Practical tip: The No Deal Guidance confirms that applicants would be required to cover the costs of filing a new UK application, in accordance with the UK fee structure. Advance consideration should to be given to filing both EU and UK applications where it seems unlikely the EUTM will be granted before 30 March 2019, as the UK fee structure may have changed by the end of this period. 

International registrations designating the EU

It is agreed that the UK shall take measures to ensure that holders of International trade mark registrations pursuant to the Madrid system ("IRs"), before the end of the Transitional Period, enjoy protection in the UK for those IRs.12 Unlike for EUTMs, the EU has not suggested the means by which protection of such will be achieved, presumably because it involves an organisation, the World Intellectual Property Organization ("WIPO"), which is not party to discussions.

Accordingly, it would seem that the UK would have two choices to implement continued protection for IRs:

  1. With WIPO's cooperation, for each IR designating the EU, the UK would be added as a designated country of protection (where the UK is not already so listed). Although potentially the easier option, this would impose an administrative burden upon WIPO which it may not be prepared to take as it has had no input in the negotiations between the UK and the EU. 
  2. Alternatively, the UK could treat IRs designating the EU in a fashion similar as for EUTMs – by granting a corresponding UK right, for the same trade mark protected by the IR. If the UK were to pursue this option, this would mean that the administrative burden would fall upon the UK IPO (rather than WIPO), and the issues set out above in respect of EUTMs would apply. 

Unfortunately, the No Deal Guidance provides no more clarity on this topic, simply stating that “The government will work, including with [WIPO], to provide continued protection in the UK after March 2019 of trade marks… filed through the Madrid [system]… which designate the EU”, including practical solutions for pending applications.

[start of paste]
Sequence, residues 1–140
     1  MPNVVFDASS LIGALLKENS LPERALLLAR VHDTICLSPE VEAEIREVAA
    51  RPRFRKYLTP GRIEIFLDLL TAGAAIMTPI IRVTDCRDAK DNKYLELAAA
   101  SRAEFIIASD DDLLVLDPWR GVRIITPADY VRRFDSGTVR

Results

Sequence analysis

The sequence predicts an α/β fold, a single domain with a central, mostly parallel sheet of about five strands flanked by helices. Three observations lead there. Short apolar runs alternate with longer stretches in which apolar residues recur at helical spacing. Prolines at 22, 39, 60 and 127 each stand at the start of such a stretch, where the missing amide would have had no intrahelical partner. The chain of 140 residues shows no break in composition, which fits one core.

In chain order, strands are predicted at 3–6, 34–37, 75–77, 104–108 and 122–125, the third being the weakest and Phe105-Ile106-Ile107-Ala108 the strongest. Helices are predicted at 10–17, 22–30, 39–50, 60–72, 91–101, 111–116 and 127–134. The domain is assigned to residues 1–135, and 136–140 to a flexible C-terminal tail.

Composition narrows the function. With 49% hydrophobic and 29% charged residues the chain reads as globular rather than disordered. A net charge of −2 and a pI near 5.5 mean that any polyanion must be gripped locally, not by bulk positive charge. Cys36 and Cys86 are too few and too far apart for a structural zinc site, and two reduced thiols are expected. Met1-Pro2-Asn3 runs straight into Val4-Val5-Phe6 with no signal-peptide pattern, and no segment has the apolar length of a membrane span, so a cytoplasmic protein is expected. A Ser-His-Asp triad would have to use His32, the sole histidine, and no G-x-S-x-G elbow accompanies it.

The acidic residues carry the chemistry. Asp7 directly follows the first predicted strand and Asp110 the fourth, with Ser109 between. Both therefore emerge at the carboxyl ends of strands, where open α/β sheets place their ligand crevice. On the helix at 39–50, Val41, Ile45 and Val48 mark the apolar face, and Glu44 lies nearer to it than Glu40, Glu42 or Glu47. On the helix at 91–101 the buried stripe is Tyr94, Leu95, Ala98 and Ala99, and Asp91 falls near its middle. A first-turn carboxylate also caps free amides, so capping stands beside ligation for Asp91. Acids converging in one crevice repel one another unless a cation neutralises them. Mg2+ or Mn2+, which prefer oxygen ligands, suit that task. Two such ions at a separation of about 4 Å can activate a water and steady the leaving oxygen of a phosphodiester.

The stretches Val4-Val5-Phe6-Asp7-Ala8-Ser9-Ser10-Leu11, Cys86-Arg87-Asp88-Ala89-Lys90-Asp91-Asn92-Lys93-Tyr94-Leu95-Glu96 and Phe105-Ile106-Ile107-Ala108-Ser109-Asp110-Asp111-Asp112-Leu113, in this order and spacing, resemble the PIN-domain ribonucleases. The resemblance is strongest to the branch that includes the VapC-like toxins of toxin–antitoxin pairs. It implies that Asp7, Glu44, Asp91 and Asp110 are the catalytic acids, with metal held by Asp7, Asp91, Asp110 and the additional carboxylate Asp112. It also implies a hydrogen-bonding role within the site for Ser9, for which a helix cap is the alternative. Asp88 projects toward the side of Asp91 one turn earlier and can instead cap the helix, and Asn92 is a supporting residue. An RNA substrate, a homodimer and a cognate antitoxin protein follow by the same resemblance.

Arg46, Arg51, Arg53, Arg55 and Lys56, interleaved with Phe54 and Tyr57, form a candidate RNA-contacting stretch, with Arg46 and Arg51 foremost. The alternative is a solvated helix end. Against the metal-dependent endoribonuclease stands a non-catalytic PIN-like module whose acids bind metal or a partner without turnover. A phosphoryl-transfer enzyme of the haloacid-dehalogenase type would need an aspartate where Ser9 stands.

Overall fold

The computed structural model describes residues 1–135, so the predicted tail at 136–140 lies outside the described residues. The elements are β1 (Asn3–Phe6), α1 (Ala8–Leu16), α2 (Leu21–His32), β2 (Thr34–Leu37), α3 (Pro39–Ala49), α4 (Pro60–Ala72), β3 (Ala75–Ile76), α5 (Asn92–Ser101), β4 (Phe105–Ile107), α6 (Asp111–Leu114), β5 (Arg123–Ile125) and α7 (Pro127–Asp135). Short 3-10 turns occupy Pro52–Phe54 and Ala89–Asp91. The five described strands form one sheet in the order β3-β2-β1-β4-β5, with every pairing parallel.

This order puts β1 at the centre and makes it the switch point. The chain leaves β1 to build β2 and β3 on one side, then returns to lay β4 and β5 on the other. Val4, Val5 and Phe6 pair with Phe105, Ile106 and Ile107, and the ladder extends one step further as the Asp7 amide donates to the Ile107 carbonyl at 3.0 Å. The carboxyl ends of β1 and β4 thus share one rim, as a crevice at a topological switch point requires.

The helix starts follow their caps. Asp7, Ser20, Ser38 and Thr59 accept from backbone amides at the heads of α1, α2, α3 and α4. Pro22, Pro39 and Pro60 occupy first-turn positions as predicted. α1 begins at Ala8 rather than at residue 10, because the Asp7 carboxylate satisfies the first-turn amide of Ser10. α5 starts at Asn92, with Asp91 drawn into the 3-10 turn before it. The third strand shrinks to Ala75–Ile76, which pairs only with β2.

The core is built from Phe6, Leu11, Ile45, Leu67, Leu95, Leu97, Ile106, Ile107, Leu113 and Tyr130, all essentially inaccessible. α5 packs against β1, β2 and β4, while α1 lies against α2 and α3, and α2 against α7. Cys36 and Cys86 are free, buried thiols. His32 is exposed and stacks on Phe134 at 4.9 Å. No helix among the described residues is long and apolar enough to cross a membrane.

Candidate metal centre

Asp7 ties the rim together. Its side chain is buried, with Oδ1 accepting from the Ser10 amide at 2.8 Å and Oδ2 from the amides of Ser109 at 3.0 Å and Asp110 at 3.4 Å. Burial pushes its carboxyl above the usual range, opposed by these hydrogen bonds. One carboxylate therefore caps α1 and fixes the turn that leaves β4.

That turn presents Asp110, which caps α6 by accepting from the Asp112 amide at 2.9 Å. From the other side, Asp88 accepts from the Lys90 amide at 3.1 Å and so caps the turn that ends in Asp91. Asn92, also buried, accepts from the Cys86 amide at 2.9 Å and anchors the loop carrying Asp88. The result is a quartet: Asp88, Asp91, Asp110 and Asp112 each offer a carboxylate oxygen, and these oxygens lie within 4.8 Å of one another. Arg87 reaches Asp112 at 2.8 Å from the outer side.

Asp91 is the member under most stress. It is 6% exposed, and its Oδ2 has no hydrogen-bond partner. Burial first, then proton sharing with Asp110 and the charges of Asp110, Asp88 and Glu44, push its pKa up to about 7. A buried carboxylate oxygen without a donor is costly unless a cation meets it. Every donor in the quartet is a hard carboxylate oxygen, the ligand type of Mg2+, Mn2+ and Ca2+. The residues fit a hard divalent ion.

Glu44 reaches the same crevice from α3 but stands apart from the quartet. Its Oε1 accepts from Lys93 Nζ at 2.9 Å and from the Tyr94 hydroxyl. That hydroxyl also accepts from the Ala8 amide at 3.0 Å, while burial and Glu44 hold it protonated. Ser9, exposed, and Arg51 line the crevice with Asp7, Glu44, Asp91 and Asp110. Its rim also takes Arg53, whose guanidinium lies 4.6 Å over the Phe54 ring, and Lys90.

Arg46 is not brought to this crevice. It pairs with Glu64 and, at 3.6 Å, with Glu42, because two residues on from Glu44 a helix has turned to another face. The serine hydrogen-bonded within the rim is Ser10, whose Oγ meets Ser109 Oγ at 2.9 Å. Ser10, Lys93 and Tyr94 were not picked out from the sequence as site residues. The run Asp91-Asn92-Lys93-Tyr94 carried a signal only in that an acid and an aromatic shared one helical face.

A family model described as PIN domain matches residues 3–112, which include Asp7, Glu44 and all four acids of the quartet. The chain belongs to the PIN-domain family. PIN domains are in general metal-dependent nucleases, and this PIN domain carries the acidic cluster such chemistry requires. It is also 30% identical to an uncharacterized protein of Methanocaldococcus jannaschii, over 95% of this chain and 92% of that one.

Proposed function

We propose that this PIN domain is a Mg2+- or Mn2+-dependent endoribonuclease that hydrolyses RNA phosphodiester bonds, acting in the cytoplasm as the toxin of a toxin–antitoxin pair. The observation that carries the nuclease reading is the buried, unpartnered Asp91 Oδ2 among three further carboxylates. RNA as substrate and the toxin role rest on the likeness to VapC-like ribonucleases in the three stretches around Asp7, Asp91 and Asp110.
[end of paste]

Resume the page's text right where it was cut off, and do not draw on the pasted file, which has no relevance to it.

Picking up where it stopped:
Practical tip: As the UK has agreed that measures will be taken to ensure IR holders enjoy protection in the UK for granted IRs, applying for an additional UK trade mark may be overly cautious. 

Practical tip – pending applications: It is unclear whether an applicant for an IR will have the same right as an EUTM applicant to file an application in the UK for the same mark to preserve the filing and priority date. The IR registration process can take much longer than the EUTM process, so it is likely there will be a greater number of IR applications affected by any transitional provisions. 

See further in the suite of briefing notes for guidance on the exhaustion of rights.

[1] See our briefing note on "Brexit… and exhaustion of rights" for more on this topic

[2] The "corresponding UK right" will not be subject to any re -examination by the UK Intellectual Property Office ("UK IPO") 

[3] Article 50(1) of the Draft Text

[4] Ibid

[5] Article 50(4) and (5)(a) of the Draft Text

[6] Article 51(1), (2) and (4) of the Draft Text

[7] A note circulated with the No Deal Guidance suggests that the new UK rights would be created free of charge, but “Subject to agreement of the Withdrawal Agreement” rather than in a ‘no deal’ scenario

[8] Article 50(3) of the Draft Text

[9] Article 50(5)(b) of the Draft Text

[10] Article 50(5)(c) of the Draft Text

[11] Article 55(1) of the Draft Text

[12] Article 52 of the Draft Text

How did we arrive at Brexit? 

A truly unprecedented process began on 29 March 2017, when the United Kingdom invoked Article 50 of the Treaty for the Functioning of the European Union ("TFEU"), in response to the referendum held in June 2016. 

Never before had a Member State left the European Union. 

Since it joined in January 1973, the UK has operated under the fundamental principle that European laws are supreme and have precedence over, if not direct effect on, national law. Brexit therefore presents, both for the UK and the EU, an enormous legislative challenge in that it is estimated that the accumulated body of European law and rules comprises over 12,000 regulations on top of other forms of legislation.

In few areas will Brexit be more disruptive than for IP rights. There has been considerable harmonisation of IP rights and remedies across the 28 Member States. Moreover, European wide trade mark and design registrations have been created, the first truly multinational unitary property rights. 

Brexit will change all of this. 

At the time of publication, many questions remain about the possible impact of Brexit whether in the sphere of IP or otherwise. Certainly, before the publication of the 'agreed' text of the Draft Text on 19 March 2018, it had not been realistic to provide much by way of constructive advice and detailed guidance. 

Following its release, the IP team of Womble Bond Dickinson analysed the published Draft Text in order to produce this suite of briefing notes on key aspects of the likely implications of Brexit for IP rights and systems across the European Union, to inform our clients on what they will need to consider changing in their existing IP strategies and protocols to continue dealing in post-Brexit UK and Europe. 

It should be noted the Draft Text confirms the intention of the signatories that, although the UK will leave the EU on 29 March 2019, there will be an extensive transition period lasting until 31 December 2020.